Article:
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Music in the Nineteenth Century

CHAPTER 2 The Music Trance

Romantic Characterstücke; Schubert's Career

CHAPTER 2 The Music Trance
Richard Taruskin

Richard Taruskin


One of the great questions stirred—or restirred—by romanticism was the question of where truth lay. Older concepts of truth had depended on revelation (as in religion) or on authority and the power of enforcement (as in social hierarchies). The Enlightenment as defined by Kant depended for its notion of truth on the assumption of an indwelling endowment (as in his categorical imperative, the “moral law within”).1 The Enlightenment as defined by the Encyclopedists held truth to be external but universal, deducible through the disciplined (or “scientific”) exercise of reason—thus available to all and consequently “objective.”

Whether revealed, enforced, innate, or rationally deduced, all of these concepts of truth had one thing in common: they could be formulated as “the” truth (or, to recall Michel Foucault's phrase, “the uniform truth”). For this reason, the distinctions between them have proved unstable. If by the ostensible exercise of reason, for example, two equally enlightened persons reach opposite “objective” conclusions, the one with the greater power is likely to prevail, instituting one version of “the” truth by force and collapsing the difference between science and authority. Powerful churchmen, for example during the Inquisition, collapsed the difference between revelation and authority. And the only way of accepting the notion of an innate law is to rely on faith, thus collapsing the difference between the innate and the revealed. Might, ultimately, could still make right.

By the beginning of the nineteenth century, history had provided sobering examples of the way the best-intentioned Enlightenment could degenerate into intolerance and dogmatism, culminating in the naked exercise of power. The most recent and chilling was the speed with which the French Revolution, which had billed itself as the triumph of enlightenment over authority, had produced the Terror. The contradiction had been prefigured in Jean-Jacques Rousseau's strange notion (expressed in his Social Contract) of imposing freedom by force;2 and it would have an even bloodier echo in the twentieth century in the aftermath of the Russian Revolution. Enlightenment and the sense of universal mission with which it endowed (or infected) its adherents would also be perverted, later in the nineteenth century, into a justification for imperialism, the forcible imposition of Western institutions on other cultures and societies in the name of reason and altruism (“the white man's burden”3), but also in the name of economic exploitation.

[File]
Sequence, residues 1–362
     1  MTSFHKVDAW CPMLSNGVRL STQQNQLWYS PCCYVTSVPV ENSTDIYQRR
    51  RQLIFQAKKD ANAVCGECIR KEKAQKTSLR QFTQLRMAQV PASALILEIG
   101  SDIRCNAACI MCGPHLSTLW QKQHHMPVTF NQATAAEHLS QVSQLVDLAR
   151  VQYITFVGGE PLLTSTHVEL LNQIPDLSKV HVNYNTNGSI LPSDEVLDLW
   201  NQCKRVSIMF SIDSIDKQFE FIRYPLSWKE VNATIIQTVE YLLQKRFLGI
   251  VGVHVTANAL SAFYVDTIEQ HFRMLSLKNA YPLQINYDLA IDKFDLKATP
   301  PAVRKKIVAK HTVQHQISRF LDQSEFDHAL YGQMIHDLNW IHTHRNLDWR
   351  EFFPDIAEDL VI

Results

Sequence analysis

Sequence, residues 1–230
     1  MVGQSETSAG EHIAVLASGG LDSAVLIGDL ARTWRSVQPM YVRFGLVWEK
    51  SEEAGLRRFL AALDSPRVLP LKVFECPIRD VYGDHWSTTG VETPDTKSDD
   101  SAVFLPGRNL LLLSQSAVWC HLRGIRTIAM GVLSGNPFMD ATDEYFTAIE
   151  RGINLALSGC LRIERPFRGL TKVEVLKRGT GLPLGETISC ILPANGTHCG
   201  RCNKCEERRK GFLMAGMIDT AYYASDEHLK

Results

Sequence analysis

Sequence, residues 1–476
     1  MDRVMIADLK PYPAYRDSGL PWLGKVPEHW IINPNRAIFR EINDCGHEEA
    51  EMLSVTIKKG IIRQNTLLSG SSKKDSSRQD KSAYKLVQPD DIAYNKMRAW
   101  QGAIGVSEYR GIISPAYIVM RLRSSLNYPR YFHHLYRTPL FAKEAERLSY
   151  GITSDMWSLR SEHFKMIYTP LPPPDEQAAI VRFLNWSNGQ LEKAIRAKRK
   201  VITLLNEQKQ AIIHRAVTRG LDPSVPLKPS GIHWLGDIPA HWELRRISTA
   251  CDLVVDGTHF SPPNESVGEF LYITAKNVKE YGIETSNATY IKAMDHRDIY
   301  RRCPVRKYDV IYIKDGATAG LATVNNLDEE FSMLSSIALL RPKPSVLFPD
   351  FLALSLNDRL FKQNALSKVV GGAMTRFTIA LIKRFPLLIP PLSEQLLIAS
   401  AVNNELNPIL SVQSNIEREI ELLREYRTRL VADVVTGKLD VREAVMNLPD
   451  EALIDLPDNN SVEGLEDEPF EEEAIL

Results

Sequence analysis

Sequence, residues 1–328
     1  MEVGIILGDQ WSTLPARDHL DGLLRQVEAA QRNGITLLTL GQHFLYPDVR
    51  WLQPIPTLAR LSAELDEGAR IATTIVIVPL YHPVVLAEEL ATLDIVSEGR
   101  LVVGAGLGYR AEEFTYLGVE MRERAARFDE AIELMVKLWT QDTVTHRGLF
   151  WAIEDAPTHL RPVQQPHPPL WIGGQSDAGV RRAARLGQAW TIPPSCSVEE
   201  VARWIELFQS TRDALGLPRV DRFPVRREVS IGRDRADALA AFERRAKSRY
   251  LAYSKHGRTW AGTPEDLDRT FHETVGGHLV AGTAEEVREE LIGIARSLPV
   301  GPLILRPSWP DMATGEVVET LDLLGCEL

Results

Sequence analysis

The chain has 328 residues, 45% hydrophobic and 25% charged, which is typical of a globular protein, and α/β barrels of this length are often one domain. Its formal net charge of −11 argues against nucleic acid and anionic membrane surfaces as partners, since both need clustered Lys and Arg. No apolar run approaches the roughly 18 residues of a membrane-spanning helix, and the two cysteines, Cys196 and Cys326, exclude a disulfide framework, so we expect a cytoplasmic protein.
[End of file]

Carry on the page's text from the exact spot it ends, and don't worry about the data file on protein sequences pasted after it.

Romanticism provided an alternative to these notions of truth by removing the definite article. Truth (not “the” truth) is found in individual consciousness (or conscience), not decreed by public power. What was rejected was not the notion of truth but the notion of universalism. Instead, romanticism prized the particular and the unique (as proclaimed in the preamble to the same Rousseau's Confessions). Truth is therefore relative, at least to a degree, to the individual vantage point and therefore to some degree subjective.

The ideal became one not of uniform correct belief but one of sincerity—or, more strongly put, authenticity—of belief and utterance. Perhaps needless to say, relativism can degenerate into the law of the jungle even more easily than universalism can, since it requires little or no rationalization. If there is nothing to support my belief beyond the strength with which I hold or assert it, that strength will all too predictably translate into force if it meets with opposition. Such a view offers little prospect of community or social cooperation.

In its purest or most radical form, then, romantic individualism turned inward from public life, espousing the pessimistic social and civic passivity exemplified in the deaf and isolated late Beethoven, and finding refuge in “estheticism” (Keats: “Beauty is truth, truth beauty”4). Its political impact, then, was negligible; but its impact on art—and music above all—was decisive. Romantic estheticism is the source of the still potent belief that art and politics are mutually indifferent if not mutually hostile terrains.